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2008-05-27
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Military Medical Research in Regeneration

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Tagged As: Health, Military, and Science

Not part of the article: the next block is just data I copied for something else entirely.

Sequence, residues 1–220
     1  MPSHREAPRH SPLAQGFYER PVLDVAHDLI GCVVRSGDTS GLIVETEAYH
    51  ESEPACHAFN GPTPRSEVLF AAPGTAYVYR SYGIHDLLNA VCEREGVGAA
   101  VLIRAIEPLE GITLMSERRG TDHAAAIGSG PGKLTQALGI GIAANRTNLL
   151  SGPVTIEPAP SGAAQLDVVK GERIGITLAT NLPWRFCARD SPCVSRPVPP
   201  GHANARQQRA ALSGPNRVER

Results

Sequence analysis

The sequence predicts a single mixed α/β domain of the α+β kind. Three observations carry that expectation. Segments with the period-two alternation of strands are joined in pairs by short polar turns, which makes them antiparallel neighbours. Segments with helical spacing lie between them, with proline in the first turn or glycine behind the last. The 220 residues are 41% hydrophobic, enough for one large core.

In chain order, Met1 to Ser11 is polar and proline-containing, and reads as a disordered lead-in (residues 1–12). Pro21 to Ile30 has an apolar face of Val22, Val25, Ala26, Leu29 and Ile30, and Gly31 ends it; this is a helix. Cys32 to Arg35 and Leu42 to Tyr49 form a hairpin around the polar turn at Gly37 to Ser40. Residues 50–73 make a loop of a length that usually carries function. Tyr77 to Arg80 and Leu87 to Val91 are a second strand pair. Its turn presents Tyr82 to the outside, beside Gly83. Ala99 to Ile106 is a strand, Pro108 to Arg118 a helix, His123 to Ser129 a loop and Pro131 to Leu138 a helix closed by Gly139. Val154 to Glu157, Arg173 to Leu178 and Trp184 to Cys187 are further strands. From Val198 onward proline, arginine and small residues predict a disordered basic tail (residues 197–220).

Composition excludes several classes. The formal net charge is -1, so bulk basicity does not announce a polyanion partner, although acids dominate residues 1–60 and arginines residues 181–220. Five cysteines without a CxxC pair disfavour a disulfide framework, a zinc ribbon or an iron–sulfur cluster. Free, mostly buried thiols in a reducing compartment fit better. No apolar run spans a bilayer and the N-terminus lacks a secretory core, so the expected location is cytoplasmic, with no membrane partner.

Lizards are known for their uncanny ability to regenerate lost body parts from a substance called nAG which stimulates stem cells. Studies discovered the process involved fooling the stem cells into believing the limb was in an "earlier state of time" thus requiring development and growth. People have tried to induce regeneration in humans for years with successful instances occurring under the most rare and unique conditions. For example, a man who severed his fingertip in the prop of a model airplane actually regrew the tip after wrapping it in a pig's bladder. Dr. Stephen Badylak, a regeneration expert at the University of Pittsburgh, indicates regrowth of fingertips is actually common in children under two years old. The Pentagon is sponsoring new research into the process to help wounded veterans. Current tests involve using "pixie dust," a pig extract, to stimulate the host's stem cells into growing the missing limb back over a scaffold. The process has worked before in regenerating animal organs.



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